Like woman, I am writer. While I have a few years of womanhood on being a writer, the writer aptitude kicked in only a short five years after birth. Whether by nature or nurture through my father's colorful storytelling, writing is part of my DNA. And now that I've been a writer for many decades, here are my top 11 reasons for loving it.
- I get to make up stories about people in quirky situations and conversations that make me laugh. And, like Elizabeth Bennett, "I dearly love to laugh."
- I get to say things through my characters about people's wrongdoings that I wish I had the presence and quickness of mind to say in real life at the very moment the wrongdoing occurs.
- I get to immerse myself in new adventures and misadventures I might never get the chance to in real life. Who doesn't getting themselves into hot water from time to time? We can't always be good girls, can we? Especially when we can so easily control the outcome.
- I can go anywhere. The world is my jalapeno popper. With a little research, some great camera shots, or a practiced imagination, I can hop a trundling train to Hungary during World War I or sail the stormy South Pacific with a swashbuckler on a pirate ship. All I need is a story in which to fit my sojourns, and I'm on vacation.
- I get to form tight bonds of friendships and relationships, and out of that sometimes I even get to fantasize sex scenes. Of course, it's much more clinical when you're writing it—the right arm goes here, the left leg goes there… But the end result is fun.
- I get the chance to work out life's little complexities, uncovering the right words with the right nuances that give me those revealing "ah-has!" And for some time afterward, I'm happy to tell everyone that I'm quite the smarty-pants.
- I get to figure out what motivates people to behave in ways others might not understand, and then dole out the reasons bit by bit through my characters' actions, personalities, and deep, dark, haunting secrets.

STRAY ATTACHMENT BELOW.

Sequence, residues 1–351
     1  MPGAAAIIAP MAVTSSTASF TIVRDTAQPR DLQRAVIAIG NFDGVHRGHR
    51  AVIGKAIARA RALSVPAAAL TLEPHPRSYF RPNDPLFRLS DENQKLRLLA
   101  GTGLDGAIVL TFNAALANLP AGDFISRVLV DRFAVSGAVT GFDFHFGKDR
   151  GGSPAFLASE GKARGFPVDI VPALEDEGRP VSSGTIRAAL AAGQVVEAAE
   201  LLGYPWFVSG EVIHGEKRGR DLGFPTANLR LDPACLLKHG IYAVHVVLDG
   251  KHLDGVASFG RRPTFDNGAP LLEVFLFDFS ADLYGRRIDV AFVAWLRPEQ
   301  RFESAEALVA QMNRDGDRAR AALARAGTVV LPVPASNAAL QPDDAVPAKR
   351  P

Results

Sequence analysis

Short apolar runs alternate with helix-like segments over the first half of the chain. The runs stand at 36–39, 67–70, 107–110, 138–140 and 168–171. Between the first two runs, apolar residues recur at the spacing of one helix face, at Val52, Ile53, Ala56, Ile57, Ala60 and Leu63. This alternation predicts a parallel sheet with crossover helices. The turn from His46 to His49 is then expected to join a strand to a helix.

- I get to fool people into thinking the story is going one direction and surprise them when I lead them through a door they weren't expecting. BOO!
- I get to experience every range of my characters' emotions, from titillation to pain, joy to sorrow, excitement to dread. Not surprisingly, I always loved the teeter-totter when I was a kid.
- I get to be immersed in a new romance: first flirts, first dates, first kisses, and first sex. It's actually my job to kiss and tell.
- I am in charge. Whether my characters live or die is entirely dependent on me. From a character's appearance to his words and actions, I am the unequivocal Queen of the Universe. This is why you always want to be kind to a writer. You never know when you will end up in her story, dead.
And, I get to leave my desk after a productive writing session with a huge sense of accomplishment, especially after I've been "in flow" and the words pour out of my fingers. I like it so well, I'm going to do it again tomorrow.
Take My Husband, Please! By Kimberly Jayne
Sophie Camden is trying to impress an exciting new dating prospect when the two of them fall in a lusty embrace on top of her husband who's asleep on the couch. That's the springboard for this hilarious romantic comedy Take My Husband, Please! by author Kimberly Jayne.
After 20 years of marriage, Sophie is divorcing Will—the man who broke her heart—and re-entering the dating world. Will has accepted their situation, until he experiences a financial apocalypse that sends him back under her roof. To complicate matters, Sophie's new guy, Mitch, isn't keen on dating her without proof that Will is truly out of the picture. But Sophie can't throw the father of her children onto the street in his time of need, so she and her best friend concoct a brilliant bet to keep Will out of the way. The tension between all three escalates to a feverish pitch after Sophie gets roped into sending Will on five blind dates and parlays that ill-fated task into a delicious payback that ultimately forces her to choose between starting over and starting fresh.
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